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Chartered debt

TROUBLE is brewing over the cost of the new chartered teacher programme compared with the Scottish Qualification for Headship. When the post-McCrone agreement confirmed that teachers could aspire to salaries of pound;35,000 without leaving the classroom, there was a new wave of optimism in the profession.

That first flush is long gone, as teachers have begun to realise they will need to fork out more than pound;7,000 for a course of 12 modules and some say they can't afford to. Small wonder that teachers at last week's union conferences were aggrieved by the unfairness of paying for their own CT courses while their colleagues on SQH courses enjoy the sponsorship of their authority.

How long can that situation continue? Funding for the qualification for headship beyond 2005 is uncertain, with course leaders saying they need to hear from Victoria Quay by November. At the same time, the General Teaching Council for Scotland in its new role as co-ordinator of all professional development is preparing to set the standard not only for chartered teachers but also for heads, and to put details of courses and providers for both on its website.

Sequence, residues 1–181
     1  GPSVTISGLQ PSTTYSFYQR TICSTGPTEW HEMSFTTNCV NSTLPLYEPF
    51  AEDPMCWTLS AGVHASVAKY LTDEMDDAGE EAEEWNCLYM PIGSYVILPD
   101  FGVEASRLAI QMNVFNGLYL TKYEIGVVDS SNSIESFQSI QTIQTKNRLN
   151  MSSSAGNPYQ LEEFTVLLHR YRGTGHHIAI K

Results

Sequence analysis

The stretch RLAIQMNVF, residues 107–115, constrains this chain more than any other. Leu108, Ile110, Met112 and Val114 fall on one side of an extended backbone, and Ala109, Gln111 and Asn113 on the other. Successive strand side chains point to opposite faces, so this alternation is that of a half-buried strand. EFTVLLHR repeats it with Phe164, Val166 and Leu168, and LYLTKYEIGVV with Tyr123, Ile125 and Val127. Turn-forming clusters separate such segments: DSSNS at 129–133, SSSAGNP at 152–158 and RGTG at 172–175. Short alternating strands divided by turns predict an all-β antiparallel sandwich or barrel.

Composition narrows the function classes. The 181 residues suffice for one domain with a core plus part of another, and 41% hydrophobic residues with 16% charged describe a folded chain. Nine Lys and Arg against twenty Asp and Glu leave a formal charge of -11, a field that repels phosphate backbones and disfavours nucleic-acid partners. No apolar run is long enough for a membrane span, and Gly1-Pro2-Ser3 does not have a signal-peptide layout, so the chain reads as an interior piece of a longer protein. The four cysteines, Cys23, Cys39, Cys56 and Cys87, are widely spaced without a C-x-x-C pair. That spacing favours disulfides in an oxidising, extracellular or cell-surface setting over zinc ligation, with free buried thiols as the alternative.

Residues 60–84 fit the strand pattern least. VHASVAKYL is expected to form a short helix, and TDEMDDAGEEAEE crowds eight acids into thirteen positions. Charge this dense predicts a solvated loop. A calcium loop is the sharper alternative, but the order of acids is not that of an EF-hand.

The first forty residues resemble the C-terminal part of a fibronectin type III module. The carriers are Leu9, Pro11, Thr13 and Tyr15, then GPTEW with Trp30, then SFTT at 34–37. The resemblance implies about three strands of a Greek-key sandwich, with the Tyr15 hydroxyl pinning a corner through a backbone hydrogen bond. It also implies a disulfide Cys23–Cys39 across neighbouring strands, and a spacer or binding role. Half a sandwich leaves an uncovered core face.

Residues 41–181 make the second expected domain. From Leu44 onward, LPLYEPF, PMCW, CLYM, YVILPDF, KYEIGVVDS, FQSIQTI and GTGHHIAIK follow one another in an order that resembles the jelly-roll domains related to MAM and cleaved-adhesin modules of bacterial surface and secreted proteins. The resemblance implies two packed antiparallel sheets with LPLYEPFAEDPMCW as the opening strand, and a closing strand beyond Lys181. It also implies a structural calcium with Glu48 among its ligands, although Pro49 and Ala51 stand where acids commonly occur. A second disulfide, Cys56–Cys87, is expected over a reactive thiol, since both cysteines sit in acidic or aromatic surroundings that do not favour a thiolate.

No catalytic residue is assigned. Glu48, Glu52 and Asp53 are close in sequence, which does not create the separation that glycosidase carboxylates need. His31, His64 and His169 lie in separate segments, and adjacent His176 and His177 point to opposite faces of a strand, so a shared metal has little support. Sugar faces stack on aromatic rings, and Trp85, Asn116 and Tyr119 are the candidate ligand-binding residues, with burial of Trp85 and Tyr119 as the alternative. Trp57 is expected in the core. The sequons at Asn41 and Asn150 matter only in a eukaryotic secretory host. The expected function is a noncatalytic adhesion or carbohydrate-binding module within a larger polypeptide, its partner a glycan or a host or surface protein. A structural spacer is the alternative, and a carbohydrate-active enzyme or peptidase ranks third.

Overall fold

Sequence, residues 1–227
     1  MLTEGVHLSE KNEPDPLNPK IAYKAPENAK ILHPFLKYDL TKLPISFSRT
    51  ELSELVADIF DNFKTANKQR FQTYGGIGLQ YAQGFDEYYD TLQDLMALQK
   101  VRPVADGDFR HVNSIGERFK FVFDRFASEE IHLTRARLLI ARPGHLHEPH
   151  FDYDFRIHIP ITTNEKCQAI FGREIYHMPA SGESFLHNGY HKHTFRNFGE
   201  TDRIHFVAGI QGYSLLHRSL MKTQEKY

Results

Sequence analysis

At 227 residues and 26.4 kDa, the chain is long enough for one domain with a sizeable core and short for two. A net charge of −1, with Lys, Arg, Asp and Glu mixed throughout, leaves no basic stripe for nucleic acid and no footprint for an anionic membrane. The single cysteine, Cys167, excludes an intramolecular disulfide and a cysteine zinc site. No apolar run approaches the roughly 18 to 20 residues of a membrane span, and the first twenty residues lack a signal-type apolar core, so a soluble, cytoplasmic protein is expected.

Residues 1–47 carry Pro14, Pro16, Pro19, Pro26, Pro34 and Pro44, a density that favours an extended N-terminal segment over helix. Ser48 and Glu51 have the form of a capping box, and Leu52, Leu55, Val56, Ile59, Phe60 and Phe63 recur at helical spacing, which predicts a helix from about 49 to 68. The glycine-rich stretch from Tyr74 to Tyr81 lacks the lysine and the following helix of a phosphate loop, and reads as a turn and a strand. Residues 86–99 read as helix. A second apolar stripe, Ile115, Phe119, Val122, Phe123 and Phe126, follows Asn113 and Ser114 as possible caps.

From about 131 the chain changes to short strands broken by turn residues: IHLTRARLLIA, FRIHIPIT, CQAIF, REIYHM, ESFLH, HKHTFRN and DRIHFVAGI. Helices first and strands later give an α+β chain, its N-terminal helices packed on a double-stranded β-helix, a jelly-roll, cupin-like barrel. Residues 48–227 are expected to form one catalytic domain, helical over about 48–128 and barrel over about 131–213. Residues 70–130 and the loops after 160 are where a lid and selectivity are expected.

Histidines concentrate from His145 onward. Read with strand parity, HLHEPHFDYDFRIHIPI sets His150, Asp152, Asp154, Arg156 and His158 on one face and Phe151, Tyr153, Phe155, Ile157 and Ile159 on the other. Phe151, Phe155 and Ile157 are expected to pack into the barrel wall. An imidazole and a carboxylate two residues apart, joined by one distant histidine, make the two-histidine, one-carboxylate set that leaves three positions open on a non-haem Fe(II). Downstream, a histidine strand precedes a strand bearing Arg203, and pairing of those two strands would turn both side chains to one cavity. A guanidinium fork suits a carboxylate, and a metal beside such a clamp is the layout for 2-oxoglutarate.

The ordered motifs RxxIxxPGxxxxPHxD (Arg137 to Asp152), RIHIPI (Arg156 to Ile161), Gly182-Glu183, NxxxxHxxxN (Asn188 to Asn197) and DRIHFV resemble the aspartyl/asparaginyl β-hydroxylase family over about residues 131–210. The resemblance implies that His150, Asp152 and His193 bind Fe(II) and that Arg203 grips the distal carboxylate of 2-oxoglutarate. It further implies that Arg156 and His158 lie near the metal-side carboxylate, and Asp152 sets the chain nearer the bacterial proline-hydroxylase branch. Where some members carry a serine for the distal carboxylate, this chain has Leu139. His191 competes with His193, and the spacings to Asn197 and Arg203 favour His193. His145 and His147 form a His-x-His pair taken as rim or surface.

Are we really to have a situation where teachers making career decisions have to choose between (a) paying thousands to train as a chartered teacher, and (b) paying nothing to train as a school manager? Reading between the lines, it is difficult to imagine that the two routes, co-ordinated by the same national body, would continue to run on such different lines.

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